Did Rangel pay off Ethics Committee members? Update: WaPo says, "Time to go"

CBS goes after Charlie Rangel in a big way this morning by probing the embattled House Ways and Means chair over his connections to the very people evaluating his ethics.  The House committee is currently investigating Rangel for a series of false disclosures and tax evasions, but Rangel acts as though he has nothing to fear.  What does he know that we don’t?  CBS follows the money:

CBS 2 HD has learned of more alleged back-door dealings and political power peddling by Democratic Rep. Charles Rangel.

The reigning member of Congress’ top tax committee is apparently “wrangling” other politicos to get him out of his own financial and tax troubles. …

CBS 2 HD has discovered that since ethics probes began last year the 79-year-old congressman has given campaign donations to 119 members of Congress, including three of the five Democrats on the House Ethics Committee who are charged with investigating him.

Charlie’s “angels” on the committee include Congressmen Ben Chandler of Kentucky, G.K. Butterfield of North Carolina and Peter Welch of Vermont. All have received donations from Rangel.

Only Welch had the brains to realize how bad this looks.  He returned Rangel’s money — almost twenty thousand dollars.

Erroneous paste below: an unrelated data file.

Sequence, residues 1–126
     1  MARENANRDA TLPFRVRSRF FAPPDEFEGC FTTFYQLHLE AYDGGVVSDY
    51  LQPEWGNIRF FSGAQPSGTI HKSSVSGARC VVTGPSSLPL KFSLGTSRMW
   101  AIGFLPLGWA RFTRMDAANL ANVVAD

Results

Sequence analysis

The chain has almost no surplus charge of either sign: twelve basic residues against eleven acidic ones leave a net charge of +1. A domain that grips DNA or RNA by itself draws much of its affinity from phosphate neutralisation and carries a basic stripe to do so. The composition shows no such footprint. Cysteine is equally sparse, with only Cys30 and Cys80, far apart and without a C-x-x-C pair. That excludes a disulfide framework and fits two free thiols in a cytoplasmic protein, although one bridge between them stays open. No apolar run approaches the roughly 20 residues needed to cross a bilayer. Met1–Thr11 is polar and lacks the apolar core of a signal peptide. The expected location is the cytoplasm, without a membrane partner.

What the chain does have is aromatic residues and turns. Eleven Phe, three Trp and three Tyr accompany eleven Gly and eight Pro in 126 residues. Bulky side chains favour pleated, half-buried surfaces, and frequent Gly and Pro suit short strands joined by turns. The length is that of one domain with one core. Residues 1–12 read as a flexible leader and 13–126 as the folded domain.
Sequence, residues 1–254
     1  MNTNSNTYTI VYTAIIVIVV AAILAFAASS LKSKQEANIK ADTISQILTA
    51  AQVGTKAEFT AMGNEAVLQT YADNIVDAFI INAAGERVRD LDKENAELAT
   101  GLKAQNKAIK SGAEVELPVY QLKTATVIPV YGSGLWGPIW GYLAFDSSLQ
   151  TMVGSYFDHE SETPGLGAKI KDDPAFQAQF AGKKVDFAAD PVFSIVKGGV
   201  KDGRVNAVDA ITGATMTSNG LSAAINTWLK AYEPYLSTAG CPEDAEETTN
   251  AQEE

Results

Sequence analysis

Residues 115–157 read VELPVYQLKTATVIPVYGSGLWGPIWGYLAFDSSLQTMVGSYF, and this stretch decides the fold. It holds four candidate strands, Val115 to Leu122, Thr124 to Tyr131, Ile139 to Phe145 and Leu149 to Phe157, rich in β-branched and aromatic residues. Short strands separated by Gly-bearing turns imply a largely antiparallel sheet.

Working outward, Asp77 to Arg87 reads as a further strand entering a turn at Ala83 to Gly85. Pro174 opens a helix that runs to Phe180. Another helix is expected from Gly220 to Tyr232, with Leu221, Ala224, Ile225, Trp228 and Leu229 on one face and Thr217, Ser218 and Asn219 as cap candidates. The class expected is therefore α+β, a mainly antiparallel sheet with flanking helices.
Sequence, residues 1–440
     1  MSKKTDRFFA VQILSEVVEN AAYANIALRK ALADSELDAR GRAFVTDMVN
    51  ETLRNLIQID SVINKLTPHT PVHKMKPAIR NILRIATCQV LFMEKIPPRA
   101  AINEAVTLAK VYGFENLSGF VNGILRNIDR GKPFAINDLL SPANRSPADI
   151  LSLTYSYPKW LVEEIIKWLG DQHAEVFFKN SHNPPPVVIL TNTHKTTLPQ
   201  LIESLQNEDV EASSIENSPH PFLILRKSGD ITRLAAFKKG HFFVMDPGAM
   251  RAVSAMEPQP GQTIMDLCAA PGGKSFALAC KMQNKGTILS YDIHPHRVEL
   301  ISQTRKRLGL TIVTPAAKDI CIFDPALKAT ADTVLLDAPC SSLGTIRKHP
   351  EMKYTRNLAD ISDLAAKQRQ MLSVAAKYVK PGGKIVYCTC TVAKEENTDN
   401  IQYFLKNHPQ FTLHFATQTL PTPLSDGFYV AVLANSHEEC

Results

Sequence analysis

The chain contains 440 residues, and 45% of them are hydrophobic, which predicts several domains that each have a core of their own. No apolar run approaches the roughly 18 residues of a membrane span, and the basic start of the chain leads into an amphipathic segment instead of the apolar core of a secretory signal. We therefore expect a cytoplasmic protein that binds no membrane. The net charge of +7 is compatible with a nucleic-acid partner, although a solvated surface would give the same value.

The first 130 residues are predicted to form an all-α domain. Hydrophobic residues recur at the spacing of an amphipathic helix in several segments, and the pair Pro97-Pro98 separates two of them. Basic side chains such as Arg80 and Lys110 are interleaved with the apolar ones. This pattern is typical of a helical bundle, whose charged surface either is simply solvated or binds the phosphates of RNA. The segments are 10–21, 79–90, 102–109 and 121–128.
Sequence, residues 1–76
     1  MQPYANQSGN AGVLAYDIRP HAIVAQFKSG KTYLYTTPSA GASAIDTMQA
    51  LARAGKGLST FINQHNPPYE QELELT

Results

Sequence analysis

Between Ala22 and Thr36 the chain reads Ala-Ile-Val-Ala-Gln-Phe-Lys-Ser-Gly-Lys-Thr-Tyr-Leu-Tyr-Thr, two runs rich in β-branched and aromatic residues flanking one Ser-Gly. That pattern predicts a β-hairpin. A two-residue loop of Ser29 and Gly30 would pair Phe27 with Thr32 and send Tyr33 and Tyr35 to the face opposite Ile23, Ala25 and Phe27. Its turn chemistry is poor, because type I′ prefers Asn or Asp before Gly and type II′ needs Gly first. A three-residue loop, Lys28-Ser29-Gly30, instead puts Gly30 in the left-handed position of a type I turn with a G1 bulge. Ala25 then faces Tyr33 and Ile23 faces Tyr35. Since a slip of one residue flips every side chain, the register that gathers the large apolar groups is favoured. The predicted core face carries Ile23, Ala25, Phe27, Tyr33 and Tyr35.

This demonstrates the problems of having the House (and Senate) holding its members accountable for their actions.  In theory, it works great.  However, in practice, elected officials on Capitol Hill do plenty of backscratching, and Rangel gets a lot of contributions in defense of a safe seat.  That makes him powerful on the Hill, as he can dole out cash to allies and deny it to foes.  In this particular instance, Rangel is using it to corrupt an Ethics Committee investigation, which would be the height of irony everywhere else but Capitol Hill.

Nancy Pelosi has assured Rangel that he can keep his powerful chair on Ways and Means while Charlie’s Dirty Angels probes his ethics.  Once again, Pelosi delivers a culture of corruption rather than cleaning up Congress.  (via Michelle)

Update: The Washington Post editorial board has heard enough, even before this report:

FOR POLITICIANS with major bad news to release or to make public, there’s no time like the dead of August to do it. The thinking goes that the public won’t remember a thing come September. We hope Rep. Charles B. Rangel (D-N.Y.) will have no such luck. His belated revelation of previously unreported income, property and bank accounts demands that he step aside as chairman of the House Ways and Means Committee. …

Much is expected of elected officials. Much more is expected and demanded of those entrusted with chairmanships and the power that comes with them, especially when it involves the nation’s purse strings. From all that we’ve seen thus far, Mr. Rangel has violated that trust continually and seemingly without care.

This isn’t a new position for them, but the timing of their reminder is excellent.

Update II: Fixed the incorrect link to CBS.